MPAA Rating: PG-13

Running Time: 1hr 37min

Widower and aging Brooklyn hipster Frank starts a band with his teenage daughter Sam just before she leaves home to attend college in California. When a song of theirs finds success online, it complicates Frank's attempts to let go of his dreams of stardom and allow his daughter to find her own path in life.


Frank’s an older, yet still hip dude. The owner of a record store that still specializes in actual vinyl for its own sake, not the trendy return to the form that has so captivated the millennials, Frank lives enthralled by passion. Back in the day, he played in a band with the love of his life. The band didn’t gain fame or glory, but he and his lady produced a daughter. Sam Fisher (Kiersey Clemons), now a high school senior, takes pre-med classes during the summer before her freshman year, so that she can better position herself for highly-
coveted internships.

Frank finds himself pestering her, in these final weeks before she departs, to join him for their cherished father-daughter jam sessions. A steady stream of music has coursed from his heart to hers over the years, and we can appreciate a better than workmanlike talent in Sam. She’s called, she believes, to medicine, but music speaks in not-so hushed tones to her as well.

They play together, and there is alchemic beauty in the interactions between Offerman and Clemons, who each display genuine musical chops and an affinity for the subtly shared interplay that we must believe these two have shared over the years. They are able to convince us that these exchanges are more than raw noodling sessions; Frank and Sam engage in real and honest communication via instruments and notes. And from that foundation, it’s not hard to understand how they can then talk to one another without retreating to cute sit-com set-ups and punchlines.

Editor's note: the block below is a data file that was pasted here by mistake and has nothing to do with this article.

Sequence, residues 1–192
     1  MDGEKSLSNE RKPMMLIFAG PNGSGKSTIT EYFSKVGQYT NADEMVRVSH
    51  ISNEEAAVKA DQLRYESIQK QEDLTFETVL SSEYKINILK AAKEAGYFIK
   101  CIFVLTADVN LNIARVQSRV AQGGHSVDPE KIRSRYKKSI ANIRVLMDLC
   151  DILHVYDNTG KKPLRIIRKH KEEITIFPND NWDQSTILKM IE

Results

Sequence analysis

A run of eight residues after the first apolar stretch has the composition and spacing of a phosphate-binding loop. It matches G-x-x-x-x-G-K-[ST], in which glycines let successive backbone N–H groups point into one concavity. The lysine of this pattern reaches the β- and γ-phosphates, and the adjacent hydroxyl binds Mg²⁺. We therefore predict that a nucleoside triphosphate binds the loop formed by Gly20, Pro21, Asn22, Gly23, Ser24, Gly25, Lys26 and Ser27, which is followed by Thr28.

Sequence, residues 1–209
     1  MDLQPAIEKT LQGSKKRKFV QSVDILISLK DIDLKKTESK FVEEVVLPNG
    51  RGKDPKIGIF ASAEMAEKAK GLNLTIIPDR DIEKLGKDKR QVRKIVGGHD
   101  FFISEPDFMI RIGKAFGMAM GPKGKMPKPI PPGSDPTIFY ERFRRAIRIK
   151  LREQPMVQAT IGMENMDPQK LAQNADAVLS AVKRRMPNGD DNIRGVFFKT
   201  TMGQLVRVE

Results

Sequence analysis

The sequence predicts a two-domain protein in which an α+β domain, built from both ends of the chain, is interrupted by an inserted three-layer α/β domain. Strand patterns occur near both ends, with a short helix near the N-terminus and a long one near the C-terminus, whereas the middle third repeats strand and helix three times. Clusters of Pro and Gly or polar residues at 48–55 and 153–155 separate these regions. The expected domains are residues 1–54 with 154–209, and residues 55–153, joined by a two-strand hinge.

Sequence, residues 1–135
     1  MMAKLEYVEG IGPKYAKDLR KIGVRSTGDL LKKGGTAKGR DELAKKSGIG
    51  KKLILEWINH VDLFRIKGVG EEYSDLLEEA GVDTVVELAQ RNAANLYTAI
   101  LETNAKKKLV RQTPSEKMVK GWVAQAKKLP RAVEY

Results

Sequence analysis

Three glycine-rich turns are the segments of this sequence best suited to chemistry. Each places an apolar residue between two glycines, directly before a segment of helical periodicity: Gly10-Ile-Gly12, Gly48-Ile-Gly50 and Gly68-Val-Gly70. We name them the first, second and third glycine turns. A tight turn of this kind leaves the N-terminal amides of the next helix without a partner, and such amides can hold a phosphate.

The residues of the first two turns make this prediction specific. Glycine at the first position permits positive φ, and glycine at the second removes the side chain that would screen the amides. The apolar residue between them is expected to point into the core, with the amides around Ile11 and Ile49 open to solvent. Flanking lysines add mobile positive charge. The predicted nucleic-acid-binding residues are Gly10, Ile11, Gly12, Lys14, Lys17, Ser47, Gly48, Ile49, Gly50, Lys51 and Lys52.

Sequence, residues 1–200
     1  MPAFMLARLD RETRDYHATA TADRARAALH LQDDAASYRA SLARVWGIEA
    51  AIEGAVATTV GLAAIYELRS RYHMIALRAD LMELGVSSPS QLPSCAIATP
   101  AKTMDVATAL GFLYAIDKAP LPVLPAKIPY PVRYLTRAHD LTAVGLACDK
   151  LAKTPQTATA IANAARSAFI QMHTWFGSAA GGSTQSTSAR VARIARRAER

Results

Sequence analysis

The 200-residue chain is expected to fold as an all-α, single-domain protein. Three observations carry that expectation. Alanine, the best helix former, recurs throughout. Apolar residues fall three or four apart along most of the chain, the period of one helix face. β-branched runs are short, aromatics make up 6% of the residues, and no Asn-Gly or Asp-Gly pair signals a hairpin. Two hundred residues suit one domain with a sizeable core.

It is not at all surprising that Sam is the more adult partner in this dynamic. She’s not holding onto a deferred dream. Life is just an anxious step away. Frank has maintained a tight grasp on the past. We recognize that he hasn’t let go of Sam’s mother, despite the fact that she’s been dead likely for a decade or more. He probably grabbed Sam’s tiny hand back then and moved forward only by bravely swinging it back and forth, literally up to the moment we encounter them onscreen.

I love that Haley, along with co-screenwriter Marc Basch (the pair also teamed up previously on “I’ll See You in My Dreams” and “The Hero”), fearlessly present this relationship. There is a truth here that most other films would shy away from. Other movies would distract audiences with love interests for both the father and daughter and the unrealistic promises of success for them—happy endings straight out of a fairy tale that no one in their right mind would believe for a second, but that we’ve been conditioned to accept.

What’s crazy is “Hearts Beat Loud” does provide its share of complications. Sam lays eyes on Rose (Sasha Lane) in a raw storefront gallery and sparks fly, while Frank, on the verge of deciding to close his record store, acknowledges the comforting friendship he shares with his landlord (Toni Collete) and the suggestion that there could be more between them. But neither these relationships nor the buzzing sensation created when Frank posts one of their songs online can derail the inevitability of adulthood for Frank and Sam.

In every moment I share with my girls now, I exist in the action and objectively outside, observing. I enjoy the feeling of my own heartbeat as it thumps in my chest and ears, because I know that a change is coming in these relationships. We will always love each other, but the childishly clinging need will evolve into something else. That might be why I watch so closely. I, like Frank, want to hold on to their hands and run together, swinging our arms in wild arcs.

As parents, our souls live in those moments, and what a wonderful thing it is that Haley, Offerman, and Clemons have been able to bring that to life onscreen. That’s real magic.

-TT Stern Enzi